Mocha Delites is a cafe on the first floor of the Winship Cancer Institute Center. It serves a menu of familiar cafe fare & coffee in a simple setting.
As efficiency and convenience being the current management goals, food service isn’t what the Cafe is focused on for now.
Meanwhile, because of it’s medical setting, there’re multiple stakeholder interests that Mocha Cafe need to consider and serve for.
Food is an essential part of a cancer patients’ treatment and recovery. Cancer patients also are likely to have specific nutrition and dietitian needs.
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The general impression of the cafe is that it is a quick, efficient, grab and go pitstop. This lowers customer expectations for the quality of food being provided.
The central location of the café makes it a landing space for people to congregate, and is a welcome respite from the rest of the hospital like environment.
Although there are other popular dining options such as the CHOA cafeteria, patients usually eat at the Mocha Delites café because of it’s convenience. Staff prefer to eat elsewhere.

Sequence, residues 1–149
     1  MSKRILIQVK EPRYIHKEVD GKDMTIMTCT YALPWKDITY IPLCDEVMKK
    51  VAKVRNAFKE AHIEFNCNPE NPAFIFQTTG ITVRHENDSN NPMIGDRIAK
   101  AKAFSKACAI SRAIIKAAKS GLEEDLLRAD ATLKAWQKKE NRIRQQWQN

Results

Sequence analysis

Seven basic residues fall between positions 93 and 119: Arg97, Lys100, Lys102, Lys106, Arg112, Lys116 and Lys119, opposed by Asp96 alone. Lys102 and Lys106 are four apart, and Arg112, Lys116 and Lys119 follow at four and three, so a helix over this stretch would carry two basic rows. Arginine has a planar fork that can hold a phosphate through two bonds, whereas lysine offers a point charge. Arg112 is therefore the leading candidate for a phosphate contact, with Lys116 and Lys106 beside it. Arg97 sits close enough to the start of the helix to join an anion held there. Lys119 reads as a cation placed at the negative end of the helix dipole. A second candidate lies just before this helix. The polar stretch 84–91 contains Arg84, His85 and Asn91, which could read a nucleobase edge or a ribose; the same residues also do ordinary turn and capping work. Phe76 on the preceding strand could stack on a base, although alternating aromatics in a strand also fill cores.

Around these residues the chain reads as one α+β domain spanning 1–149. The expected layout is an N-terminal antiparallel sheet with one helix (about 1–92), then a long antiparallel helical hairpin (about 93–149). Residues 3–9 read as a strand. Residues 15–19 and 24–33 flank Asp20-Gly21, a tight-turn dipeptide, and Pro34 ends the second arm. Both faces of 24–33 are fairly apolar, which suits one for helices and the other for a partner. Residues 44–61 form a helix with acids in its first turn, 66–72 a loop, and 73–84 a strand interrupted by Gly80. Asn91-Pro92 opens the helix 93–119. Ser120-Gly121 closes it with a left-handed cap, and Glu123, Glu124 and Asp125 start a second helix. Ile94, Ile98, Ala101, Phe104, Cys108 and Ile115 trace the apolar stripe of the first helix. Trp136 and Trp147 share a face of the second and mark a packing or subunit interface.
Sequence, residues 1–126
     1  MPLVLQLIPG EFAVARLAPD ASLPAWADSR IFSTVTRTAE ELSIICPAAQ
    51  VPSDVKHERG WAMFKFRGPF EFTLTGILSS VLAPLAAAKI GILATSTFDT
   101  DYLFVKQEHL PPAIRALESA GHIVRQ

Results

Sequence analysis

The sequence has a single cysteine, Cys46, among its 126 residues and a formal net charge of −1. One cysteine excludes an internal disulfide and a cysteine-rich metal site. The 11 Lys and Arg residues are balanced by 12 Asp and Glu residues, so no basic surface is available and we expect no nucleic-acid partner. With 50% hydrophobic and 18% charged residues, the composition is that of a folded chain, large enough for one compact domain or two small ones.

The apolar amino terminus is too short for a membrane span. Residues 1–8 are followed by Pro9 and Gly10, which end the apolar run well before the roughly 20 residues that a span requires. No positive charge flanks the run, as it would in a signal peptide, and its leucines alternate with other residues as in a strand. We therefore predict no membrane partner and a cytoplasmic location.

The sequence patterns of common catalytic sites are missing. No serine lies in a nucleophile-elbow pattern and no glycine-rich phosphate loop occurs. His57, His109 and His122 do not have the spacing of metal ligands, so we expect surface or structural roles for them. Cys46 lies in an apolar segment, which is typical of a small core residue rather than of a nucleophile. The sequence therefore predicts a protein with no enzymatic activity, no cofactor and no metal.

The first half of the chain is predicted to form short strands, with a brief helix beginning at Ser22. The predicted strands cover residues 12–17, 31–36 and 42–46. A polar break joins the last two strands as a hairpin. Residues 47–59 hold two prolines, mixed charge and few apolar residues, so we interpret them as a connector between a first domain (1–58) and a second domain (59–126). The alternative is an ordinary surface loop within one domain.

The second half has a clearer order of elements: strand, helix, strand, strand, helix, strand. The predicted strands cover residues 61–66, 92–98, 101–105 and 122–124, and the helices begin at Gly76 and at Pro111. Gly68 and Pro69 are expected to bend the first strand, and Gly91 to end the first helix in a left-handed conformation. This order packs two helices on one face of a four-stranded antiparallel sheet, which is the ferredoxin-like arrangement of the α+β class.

The cafe is small and gets crowded during rush hours. Seating may be hard to find depending on the time of day.
Staff generally prefer to not sit in the cafe and want to save space for patients while caregivers and patients need the space to recharge and relax.
Patients need high calorie food which can often be unhealthy. This conflicts with staff needs of healthy food.
Older patients generally order the same food during every visit to the café whereas staff members seek variety.
Patients have very specific needs for food regarding-Portability, Portion size, Calorie content, Smell, Food texture, Spice levels, Hygiene
Customers are interested in information and foods that work for their diet.
The food preparation in front of customers gives the appearance of freshness but the food itself does not taste fresh.
The flow of buying and paying for food is unintuitive, especially for new customers.
Patients maybe immobile and unable to get food for themselves, leaving nurses or caregivers to help them. Alternatively patients bring their own food, often in coolers for the entire day.
Cafe service can be one of the best parts of the patient, staff and caregiver experience at the institute.
Frequent customers have expressed interest in a membership or rewards system. Vouchers to the café are currently being used as service recovery for patients, and performance incentives for nurses.
The café lacks character and a cohesive brand, although people universally love the bright and airy environment.
Tablets will address the traffic flow better than kiosk while customers feel that they’re more familiar with kiosk.
Pickup zone can cause confusion among patients and lead to mess.
Signage redesign reduces the confusion in way finding. Menu redesign helps customers make better choice. Package design educates people about nutritional information.